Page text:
... was merrily pursuing its three years' course through Parliament—passed by the House of Commons and rejected by the House of Lords after the usual farce and formality of debates which had very little reality in them. What counted was that Ulster was in arms and determined to resist and that "the Home Rule Government" had proved themselves incapable either of conceding or of resisting. Other things began to count also in Ireland. The young ...
— Ireland Since Parnell • Daniel Desmond Sheehan

... of the order of Seraphins, the head and front of all, Easas, Celcus, Acaos, Cedon, Asmodeus, of the order of Thrones, Alez, Zabulon, Nephtalim, Cham, Uriel, Achas, of the order of Principalities! In the following April he was brought back to Loudun, and consigned to the prison there. The farce of exorcism was now recommenced; but the fatigue of sustaining the parts they had assumed, and perhaps a conviction of the fearful nature of the deceptions they had practised, caused some of the actors in this drama to rebel, ...
— Barn and the Pyrenees - A Legendary Tour to the Country of Henri Quatre • Louisa Stuart Costello

... a frog liv'd in a well, And a farce[2] mouse in a mill; Cock me cary, Kitty alone, Kitty ...
— The Nursery Rhyme Book • Unknown

... Church of England, as perhaps they may still call themselves, Methodist, or Presbyterian, presume to grumble, and there shall be bruising of lips in pulpits, tying up to whipping-posts, cutting off ears and noses—he! he! the farce of King Log has been acted long enough; the time for Queen Stork's tragedy is drawing nigh'; and the man in black sipped his gin and water in a very ...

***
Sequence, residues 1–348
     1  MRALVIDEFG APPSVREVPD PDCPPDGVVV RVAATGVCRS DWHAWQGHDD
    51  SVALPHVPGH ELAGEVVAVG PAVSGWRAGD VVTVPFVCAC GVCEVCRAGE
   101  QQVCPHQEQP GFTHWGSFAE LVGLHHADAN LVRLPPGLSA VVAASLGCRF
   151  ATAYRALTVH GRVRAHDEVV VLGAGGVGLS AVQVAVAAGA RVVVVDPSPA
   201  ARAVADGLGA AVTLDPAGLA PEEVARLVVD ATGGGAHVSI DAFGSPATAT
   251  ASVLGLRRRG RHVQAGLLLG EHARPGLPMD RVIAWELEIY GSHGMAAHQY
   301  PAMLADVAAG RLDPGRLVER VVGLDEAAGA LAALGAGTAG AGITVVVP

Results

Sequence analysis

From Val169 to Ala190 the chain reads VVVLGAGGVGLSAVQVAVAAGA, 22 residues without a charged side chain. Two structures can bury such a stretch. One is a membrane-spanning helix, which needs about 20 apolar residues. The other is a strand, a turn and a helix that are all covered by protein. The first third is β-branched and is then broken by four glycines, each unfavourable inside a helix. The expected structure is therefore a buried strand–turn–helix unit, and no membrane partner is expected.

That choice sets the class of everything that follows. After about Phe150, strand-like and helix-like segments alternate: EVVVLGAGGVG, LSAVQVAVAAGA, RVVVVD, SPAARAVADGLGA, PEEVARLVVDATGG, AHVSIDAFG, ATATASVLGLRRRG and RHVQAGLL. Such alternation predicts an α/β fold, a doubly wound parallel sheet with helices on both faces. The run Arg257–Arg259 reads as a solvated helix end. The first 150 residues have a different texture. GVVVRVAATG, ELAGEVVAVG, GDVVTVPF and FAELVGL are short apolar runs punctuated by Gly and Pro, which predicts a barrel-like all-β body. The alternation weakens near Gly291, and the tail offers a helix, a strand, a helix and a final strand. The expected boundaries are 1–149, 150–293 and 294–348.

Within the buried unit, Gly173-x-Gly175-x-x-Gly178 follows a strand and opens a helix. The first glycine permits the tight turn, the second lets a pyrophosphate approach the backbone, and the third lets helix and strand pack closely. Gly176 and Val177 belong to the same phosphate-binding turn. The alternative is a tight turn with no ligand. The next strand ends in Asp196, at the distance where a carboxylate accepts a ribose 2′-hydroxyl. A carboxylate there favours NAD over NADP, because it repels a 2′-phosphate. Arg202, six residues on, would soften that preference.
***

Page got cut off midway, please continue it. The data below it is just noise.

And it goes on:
— Lavengro - The Scholar, The Gypsy, The Priest • George Borrow

... was a farce, or rather play, in three acts, called "Jupiter," written in imitation of the burletta of Midas, whose popularity seems to have tempted into its wake a number of these musical parodies upon heathen fable. ...
— Memoirs of the Life of the Rt. Hon. Richard Brinsley Sheridan V1 • Thomas Moore

... rather too serious a turn for the taste of any of the three,—Festus, Agrippa, or Bernice. If this strange man was going to shake their consciences in that fashion, it was high time to end what was, after all, as far as the rendering of justice was concerned, something like a farce. ...
— Expositions of Holy Scripture: The Acts • Alexander Maclaren